On the next level, a functional interface that doesn’t always work as expected is unreliable and will still leave users mostly unsatisfied, no matter how beautiful it is. Finally, the interface must be usable: it should not require much effort to learn, discover, and utilize all its features. Only when a product is functional, reliable, and usable can users appreciate the delightful, pleasurable, or enjoyable aspects of the experience. What Walter’s theory tells us, in short, is that a product can be delightful only if it is usable.

Surface & Deep Delight

Once a foundation of functionality, reliability, and usability are achieved, delight can be pursued.

There are two types of delight that users may experience when they interact with an interface: surface delight and deep delight.

1. Surface delight is local and contextual; it is usually derived from largely isolated interface features. For example, each of the following features may generate surface delight:

  • Animations
  • Tactile transitions or gestural commands
  • Microcopy (i.e. injecting humor & slang, predicting users’ questions in advance)
  • Beautiful, relevant high-resolution imagery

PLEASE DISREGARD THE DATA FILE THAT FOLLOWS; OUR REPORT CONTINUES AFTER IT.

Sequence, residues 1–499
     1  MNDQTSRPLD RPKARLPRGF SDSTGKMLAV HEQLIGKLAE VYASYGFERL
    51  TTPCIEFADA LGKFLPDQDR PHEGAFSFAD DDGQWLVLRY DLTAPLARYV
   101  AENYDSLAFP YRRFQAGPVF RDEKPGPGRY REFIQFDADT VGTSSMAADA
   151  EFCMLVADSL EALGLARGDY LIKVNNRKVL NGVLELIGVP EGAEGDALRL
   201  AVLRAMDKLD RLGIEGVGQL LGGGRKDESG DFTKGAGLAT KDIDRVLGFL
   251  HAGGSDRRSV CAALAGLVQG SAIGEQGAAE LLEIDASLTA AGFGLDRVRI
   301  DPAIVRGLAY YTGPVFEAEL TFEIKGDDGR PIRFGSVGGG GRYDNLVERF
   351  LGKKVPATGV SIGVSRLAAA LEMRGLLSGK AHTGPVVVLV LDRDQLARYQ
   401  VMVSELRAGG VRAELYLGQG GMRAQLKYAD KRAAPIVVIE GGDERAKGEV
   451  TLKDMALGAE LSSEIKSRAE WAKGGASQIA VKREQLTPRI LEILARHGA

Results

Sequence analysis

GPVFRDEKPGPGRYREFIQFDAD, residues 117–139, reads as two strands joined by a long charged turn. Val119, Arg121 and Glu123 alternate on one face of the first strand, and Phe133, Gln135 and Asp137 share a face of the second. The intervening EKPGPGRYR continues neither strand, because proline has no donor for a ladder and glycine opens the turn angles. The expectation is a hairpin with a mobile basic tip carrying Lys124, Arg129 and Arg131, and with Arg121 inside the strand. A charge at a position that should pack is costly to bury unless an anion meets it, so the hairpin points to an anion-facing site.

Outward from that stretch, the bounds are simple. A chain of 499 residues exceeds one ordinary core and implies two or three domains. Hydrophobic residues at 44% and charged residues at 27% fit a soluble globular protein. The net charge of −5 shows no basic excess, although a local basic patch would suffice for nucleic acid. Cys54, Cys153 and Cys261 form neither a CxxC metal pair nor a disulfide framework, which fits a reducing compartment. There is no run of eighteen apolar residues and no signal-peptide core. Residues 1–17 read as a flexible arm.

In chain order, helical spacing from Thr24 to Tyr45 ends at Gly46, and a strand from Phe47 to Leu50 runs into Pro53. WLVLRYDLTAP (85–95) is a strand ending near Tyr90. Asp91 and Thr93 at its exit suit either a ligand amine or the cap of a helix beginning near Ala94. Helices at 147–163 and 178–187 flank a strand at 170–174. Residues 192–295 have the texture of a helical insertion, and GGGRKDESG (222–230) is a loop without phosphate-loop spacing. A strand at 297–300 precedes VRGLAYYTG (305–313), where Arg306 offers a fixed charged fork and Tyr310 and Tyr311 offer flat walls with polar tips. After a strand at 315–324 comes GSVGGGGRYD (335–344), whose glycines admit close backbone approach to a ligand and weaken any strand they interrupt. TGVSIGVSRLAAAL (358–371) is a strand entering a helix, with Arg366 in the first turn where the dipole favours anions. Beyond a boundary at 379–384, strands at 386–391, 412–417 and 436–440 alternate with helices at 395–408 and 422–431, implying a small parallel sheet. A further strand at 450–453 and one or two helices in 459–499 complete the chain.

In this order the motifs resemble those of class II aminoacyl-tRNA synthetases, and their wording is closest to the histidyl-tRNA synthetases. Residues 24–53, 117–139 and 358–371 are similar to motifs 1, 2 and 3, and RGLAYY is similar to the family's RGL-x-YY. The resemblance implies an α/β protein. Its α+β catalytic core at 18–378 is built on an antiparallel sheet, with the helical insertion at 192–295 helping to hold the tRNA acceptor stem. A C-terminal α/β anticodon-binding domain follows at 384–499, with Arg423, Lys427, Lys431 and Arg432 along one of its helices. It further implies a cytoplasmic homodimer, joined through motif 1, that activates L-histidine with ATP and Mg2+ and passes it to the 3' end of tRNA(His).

• Sound interactions
Groupon Microcopy
Microcopy: Groupon regularly includes snarky microcopy scattered throughout the website, which adds character to the site and provides surprises at unexpected moments.

These types of UI elements are often gimmicky and have the potential for tackiness if the underlying product is less than perfect. However, when effective, these features can produce expressions of delight, and, as a result, have been the stereotype of delightful interfaces. But to say that delight stops here would be naïve at best.

2. Deep delight is holistic, and is achieved once all user needs are met, including functionality, reliability, usability, and pleasurability. Users may have a poor experience on a site, and yet feel surface delight occasionally. But deep delight only occurs when the user has reached a state of “flow” — that is, immersed productivity without much distraction from the main task. In other words, deep delight is experienced when the interface behaves like a surgeon’s knowledgeable assistant: it hands all the right instruments exactly when they are needed, without getting in the way.

This state of delight, while less impressive to witness, is significantly harder to achieve. Users who experience a state of deep delight will be more likely to recommend the product or service to a friend, and to become a passionate return user.

Deep delight can be best achieved with streamlined workflows and reduced pain points. It simply means building a product that works as expected (or better), and meets user needs at the right time and place. An exceptional user experience is a precondition of deep delight. While deep delight certainly isn’t as “sexy” as surface delight, establishing this foundation is the most important step to pursuing delight. If we attempt surface delight without first getting a good user experience established, we will lose return on investment (ROI) — we might invest time and resources toward features that won’t really make as much an impact.